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Light years ahead: Hemmerle jewellery

Hemmerle pushes the boundaries with aluminium jewellery, making this metal precious once again.

6 March 2016 |

A Hemmerle creation is always an experiment in luxury, and the Munich jewellery brand is set to push the boundaries of what we consider precious once again with its new aluminium jewellery collection, launched at this year's TEFAF fine art fair.

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One of the warmest hues is red, as in these Hemmerle earrings with anodised aluminium and pink diamonds (POA).

These brightly hued, one-of-a-kind jewels have been created under the banner The [AL] Project, which is a nod to aluminium’s acronym on the Periodic Table. There are 15 pairs of Hemmerle earrings and a single brooch in the collection, each crafted from aluminium and gold or copper, and set with coloured gemstones including diamonds, sapphires, aquamarines and garnets.

The form of these creations, which like all Hemmerle jewellery can involve hundreds of hours of painstaking work, take their inspiration from an eclectic collection of sources including nature, minimalism and geometry. Colour plays a vital role in The [AL] Project, and the craftspeople at Hemmerle have taken advantage of the properties of aluminium by using a technique called anodising - applying high levels of heat to change the colour of the metal.

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Hemmerle has used demantoid garnets, aluminium and white gold to create these nature-inspired earrings (POA).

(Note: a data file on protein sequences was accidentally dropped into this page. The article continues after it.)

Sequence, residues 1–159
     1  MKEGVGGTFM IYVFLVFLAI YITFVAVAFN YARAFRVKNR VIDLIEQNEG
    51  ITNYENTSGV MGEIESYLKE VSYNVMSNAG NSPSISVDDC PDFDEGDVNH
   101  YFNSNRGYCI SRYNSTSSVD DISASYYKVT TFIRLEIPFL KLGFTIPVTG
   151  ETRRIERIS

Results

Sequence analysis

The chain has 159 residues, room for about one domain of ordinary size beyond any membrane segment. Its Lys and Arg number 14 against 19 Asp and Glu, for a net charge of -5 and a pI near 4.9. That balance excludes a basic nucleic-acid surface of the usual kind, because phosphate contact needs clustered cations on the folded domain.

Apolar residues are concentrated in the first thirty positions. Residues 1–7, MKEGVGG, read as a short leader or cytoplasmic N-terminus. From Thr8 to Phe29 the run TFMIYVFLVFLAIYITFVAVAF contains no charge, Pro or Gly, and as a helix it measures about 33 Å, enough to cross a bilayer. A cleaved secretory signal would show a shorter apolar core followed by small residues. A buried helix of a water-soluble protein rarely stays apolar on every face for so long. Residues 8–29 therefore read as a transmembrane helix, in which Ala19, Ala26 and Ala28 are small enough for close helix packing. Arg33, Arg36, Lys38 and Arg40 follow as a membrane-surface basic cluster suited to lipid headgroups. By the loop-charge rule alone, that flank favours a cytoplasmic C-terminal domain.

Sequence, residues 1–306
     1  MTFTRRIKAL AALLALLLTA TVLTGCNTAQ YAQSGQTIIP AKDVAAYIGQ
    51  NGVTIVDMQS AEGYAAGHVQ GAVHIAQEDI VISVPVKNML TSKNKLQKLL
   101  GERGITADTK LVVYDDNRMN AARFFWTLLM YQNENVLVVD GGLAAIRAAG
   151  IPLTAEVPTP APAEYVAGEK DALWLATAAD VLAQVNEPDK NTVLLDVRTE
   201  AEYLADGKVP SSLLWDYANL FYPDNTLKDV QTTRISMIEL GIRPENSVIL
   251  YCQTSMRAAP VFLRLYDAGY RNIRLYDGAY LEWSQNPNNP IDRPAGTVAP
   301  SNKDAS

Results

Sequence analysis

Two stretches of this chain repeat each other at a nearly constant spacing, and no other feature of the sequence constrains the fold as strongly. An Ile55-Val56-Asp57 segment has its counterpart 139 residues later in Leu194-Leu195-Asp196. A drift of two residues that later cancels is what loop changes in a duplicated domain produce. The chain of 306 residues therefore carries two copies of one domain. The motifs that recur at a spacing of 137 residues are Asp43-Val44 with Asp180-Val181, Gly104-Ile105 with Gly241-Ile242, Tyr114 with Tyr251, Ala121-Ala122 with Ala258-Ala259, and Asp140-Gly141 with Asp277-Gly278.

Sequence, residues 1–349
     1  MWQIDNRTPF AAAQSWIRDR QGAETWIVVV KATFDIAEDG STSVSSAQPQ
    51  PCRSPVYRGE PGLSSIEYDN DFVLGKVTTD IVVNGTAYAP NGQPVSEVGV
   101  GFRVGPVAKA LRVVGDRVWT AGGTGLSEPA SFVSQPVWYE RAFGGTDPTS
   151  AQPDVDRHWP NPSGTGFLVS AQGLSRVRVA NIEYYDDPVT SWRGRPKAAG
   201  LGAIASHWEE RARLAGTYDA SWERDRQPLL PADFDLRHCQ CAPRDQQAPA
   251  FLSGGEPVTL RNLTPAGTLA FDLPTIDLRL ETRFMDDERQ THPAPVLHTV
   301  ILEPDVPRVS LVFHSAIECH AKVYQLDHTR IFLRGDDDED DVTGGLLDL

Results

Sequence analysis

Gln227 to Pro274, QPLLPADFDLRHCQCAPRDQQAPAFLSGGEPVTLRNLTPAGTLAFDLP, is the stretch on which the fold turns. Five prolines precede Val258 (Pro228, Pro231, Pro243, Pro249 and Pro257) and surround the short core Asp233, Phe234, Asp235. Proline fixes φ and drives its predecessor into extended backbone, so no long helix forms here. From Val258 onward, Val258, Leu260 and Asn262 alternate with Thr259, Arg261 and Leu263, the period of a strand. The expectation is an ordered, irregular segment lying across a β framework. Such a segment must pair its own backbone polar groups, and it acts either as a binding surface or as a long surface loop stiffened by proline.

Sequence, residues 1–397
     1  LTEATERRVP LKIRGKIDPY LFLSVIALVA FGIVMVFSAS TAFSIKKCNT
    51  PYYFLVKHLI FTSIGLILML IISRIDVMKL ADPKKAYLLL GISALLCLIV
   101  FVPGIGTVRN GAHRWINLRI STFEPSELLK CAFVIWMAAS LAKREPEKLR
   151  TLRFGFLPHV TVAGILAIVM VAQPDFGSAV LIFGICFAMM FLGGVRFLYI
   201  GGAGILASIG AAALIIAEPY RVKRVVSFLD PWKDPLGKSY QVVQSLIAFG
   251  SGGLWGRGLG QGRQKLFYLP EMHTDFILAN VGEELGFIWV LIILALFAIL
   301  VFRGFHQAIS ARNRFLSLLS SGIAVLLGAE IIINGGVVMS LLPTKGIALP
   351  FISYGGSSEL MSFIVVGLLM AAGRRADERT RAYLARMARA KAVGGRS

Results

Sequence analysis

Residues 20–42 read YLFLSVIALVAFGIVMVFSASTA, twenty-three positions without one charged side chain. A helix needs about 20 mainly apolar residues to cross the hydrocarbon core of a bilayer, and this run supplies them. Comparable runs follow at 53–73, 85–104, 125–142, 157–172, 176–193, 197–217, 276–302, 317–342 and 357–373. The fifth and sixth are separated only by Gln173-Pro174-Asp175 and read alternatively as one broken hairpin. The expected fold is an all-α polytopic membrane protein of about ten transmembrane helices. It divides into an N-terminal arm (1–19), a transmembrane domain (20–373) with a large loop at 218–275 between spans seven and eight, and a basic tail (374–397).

The colours achieved, which range from cool blues and purples to bright reds and acidic greens, perfectly complement the colours of the gemstones used in each design. The clematis flower brooch, for example, has purple petals to match its lilac sapphire centre, while heavy blue-black aluminium frames brightly contrasting aquamarines in a pair of earrings, with pink diamonds nestling among another pair of rosy floral earrings.

Unusual material choices have been the calling card of Hemmerle ever since Stefan Hemmerle set a diamond into iron in 1995. Wood, copper and even a pair of 18th century dolls’ house plates have followed. For Stefan’s son Christian Hemmerle, who currently heads up the fourth-generation business, aluminium doesn’t feel like a risky choice of metal for such an exclusive range of fine jewellery. After all, he says, it was once the most valuable and sought-after metal in the world.

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Demantoid garnets blend with green and purple aluminium, gold and bronze to create these earrings from Hemmerle (POA).

“Aluminium’s natural strength and lightness in weight provided the perfect opportunity for us to experiment further with the metal and celebrate its past splendour,” he continues. “Its malleability enabled us to focus on innovation and create intricate works that are delicate in design yet highly durable, while remaining true to our dedication to craftsmanship. Informed by the aesthetic we have defined over several decades, the resulting creations are distinctly Hemmerle, but imbued with an element of surprise.”

The [AL] Project will make its debut at the German art fair TEFAF Maastricht, which will run from 11-20 March. And those unable to make the trip can look forward to the release of a special book dedicated to this pioneering collection.   

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